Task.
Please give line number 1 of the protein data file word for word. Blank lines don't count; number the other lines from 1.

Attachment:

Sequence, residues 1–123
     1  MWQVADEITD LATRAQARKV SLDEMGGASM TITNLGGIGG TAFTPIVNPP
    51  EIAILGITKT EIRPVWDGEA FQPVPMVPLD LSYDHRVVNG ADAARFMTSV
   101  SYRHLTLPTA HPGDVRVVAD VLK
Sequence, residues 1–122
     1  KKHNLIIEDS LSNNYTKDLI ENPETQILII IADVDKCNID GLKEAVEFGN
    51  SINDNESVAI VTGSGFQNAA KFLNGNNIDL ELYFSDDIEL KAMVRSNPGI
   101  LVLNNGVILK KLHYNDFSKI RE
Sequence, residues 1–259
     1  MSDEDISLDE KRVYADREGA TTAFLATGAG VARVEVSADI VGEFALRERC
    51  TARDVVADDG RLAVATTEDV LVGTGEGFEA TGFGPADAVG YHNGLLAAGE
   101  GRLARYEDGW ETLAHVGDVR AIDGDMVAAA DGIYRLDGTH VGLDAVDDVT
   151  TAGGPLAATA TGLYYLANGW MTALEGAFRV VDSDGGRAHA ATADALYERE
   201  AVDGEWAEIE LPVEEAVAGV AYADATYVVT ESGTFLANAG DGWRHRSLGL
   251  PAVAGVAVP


Sequence, residues 1–123